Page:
Work is underway on Ravenscroft Retail (See sidebar).


Also under construction is a new multipurpose classroom coming to Menchaca Elementary School. Site work, drainage and plumbing updates at the campus are part of $2.2 million in bond projects, according to Deborah James, architect and project manager with Austin ISD’s Construction Management Department.  The work is scheduled for fall completion. More improvements will be scheduled for summer, she said. 


Construction started in late January on South Austin Beer Garden at 10700 Manchaca Road. Co-owners Ryan Thomas, Davey Pearce and Chris Cantu are transforming a 1920s-era house into the bar area and will offer Texas beers on tap.  Thomas said the 1-acre property will have a covered pavilion, music stage and food trailers when it opens this fall.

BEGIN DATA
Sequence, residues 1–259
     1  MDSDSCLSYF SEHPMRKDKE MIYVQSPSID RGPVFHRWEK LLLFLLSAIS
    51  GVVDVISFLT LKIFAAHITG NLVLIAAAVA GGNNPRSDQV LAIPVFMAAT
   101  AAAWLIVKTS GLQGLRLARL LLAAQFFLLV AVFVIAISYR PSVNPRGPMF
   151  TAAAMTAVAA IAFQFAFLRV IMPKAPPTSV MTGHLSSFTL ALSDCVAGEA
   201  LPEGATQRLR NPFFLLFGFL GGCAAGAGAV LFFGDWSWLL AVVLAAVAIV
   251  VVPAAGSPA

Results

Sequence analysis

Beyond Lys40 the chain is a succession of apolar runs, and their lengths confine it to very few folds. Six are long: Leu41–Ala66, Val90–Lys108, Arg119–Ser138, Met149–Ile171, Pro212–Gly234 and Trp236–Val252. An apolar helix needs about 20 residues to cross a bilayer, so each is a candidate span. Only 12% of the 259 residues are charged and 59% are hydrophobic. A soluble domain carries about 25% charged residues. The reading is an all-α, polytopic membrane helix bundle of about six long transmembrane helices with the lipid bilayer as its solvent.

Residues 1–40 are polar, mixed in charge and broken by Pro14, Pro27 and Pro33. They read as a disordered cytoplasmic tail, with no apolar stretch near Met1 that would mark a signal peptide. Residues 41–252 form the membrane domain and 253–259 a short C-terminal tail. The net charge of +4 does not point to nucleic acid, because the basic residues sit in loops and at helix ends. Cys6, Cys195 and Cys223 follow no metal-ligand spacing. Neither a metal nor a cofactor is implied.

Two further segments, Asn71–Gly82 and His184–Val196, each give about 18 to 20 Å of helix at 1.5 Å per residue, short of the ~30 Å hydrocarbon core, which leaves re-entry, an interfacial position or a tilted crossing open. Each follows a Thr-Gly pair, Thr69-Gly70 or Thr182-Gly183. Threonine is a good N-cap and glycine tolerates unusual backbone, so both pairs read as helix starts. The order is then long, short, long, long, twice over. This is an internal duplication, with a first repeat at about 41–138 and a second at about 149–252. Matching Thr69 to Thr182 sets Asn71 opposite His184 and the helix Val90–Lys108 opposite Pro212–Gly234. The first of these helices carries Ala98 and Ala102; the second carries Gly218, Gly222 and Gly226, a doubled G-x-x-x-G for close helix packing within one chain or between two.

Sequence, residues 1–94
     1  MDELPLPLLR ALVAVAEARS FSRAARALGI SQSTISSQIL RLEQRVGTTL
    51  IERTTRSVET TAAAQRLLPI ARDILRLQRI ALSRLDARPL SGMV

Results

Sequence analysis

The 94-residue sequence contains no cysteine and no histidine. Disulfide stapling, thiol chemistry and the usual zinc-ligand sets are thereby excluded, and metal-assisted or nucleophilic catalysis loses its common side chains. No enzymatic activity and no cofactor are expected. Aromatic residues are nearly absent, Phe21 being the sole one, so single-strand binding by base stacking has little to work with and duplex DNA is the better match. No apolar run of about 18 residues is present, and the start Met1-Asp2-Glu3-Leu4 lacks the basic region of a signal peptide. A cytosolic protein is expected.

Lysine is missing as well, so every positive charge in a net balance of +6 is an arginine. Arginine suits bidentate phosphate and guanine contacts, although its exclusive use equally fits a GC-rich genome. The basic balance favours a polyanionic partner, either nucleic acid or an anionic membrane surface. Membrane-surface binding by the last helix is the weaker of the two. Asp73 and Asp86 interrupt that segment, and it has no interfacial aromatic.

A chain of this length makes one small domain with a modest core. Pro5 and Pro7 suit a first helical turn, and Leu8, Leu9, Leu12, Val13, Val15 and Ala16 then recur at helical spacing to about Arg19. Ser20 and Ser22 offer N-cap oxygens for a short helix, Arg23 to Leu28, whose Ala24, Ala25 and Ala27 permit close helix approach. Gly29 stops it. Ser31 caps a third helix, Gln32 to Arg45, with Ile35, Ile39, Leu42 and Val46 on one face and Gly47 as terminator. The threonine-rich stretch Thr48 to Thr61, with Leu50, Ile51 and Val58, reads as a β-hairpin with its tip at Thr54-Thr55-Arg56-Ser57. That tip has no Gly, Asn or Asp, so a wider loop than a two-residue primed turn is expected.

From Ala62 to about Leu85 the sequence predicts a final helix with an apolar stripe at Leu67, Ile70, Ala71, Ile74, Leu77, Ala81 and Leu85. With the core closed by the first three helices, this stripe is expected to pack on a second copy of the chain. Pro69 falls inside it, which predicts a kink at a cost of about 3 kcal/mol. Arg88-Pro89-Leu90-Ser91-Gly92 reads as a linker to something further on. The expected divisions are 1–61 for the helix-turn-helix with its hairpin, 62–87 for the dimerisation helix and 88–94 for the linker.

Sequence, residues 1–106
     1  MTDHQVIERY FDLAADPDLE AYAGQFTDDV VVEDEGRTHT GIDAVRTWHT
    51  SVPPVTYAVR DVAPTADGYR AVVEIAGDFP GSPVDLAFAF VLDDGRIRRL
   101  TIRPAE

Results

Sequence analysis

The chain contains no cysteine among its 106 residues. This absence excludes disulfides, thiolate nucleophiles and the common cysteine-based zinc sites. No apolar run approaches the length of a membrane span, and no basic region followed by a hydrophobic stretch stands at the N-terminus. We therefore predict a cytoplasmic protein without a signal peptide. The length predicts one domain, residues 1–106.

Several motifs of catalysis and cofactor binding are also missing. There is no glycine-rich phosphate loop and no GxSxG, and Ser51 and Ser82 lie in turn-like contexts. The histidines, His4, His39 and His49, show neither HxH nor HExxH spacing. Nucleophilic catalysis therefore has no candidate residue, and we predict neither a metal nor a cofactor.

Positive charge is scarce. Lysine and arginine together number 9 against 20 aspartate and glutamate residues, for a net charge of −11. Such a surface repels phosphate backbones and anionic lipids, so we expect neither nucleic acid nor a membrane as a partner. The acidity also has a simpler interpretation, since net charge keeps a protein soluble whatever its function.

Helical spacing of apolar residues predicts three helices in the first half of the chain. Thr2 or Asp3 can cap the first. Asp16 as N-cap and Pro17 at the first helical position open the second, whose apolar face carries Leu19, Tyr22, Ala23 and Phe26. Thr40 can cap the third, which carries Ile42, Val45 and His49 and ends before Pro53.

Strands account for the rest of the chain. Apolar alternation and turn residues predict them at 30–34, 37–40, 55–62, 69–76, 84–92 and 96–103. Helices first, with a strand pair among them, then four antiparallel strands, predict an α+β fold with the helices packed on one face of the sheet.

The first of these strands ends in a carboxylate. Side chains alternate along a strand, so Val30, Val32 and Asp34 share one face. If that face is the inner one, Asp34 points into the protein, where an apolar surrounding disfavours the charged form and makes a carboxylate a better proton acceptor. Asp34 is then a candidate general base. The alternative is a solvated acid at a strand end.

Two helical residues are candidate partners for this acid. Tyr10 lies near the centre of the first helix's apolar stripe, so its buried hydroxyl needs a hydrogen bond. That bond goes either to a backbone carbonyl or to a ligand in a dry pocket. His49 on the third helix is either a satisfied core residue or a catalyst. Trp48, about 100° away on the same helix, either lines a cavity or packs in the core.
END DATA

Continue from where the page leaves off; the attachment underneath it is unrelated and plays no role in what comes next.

Ted Brackin, owner of Manchaca Plaza LLC, said plans are in place to develop Manchaca Plaza—buildings ranging in size from 2,000 to 10,000 square feet on 6.5 acres. There is no firm timeline, but site work began in spring 2014, he said.


Robert Amoroso, Manchaca Village Veterinary Care business manager, said the area is still establishing its identity.


“It has become more populated; there’s definitely a lot more traffic,” he said.



‘SoChaca’ develops, vendors join forcesInfrastructure plans


Some residents are concerned the development is progressing faster than the infrastructure needed to support it, said Roberto Talamas, president of the Hillcrest neighborhood’s homeowners association.


“We don’t have any problem with the development; the problem is the city has to move ahead of the development,” he said.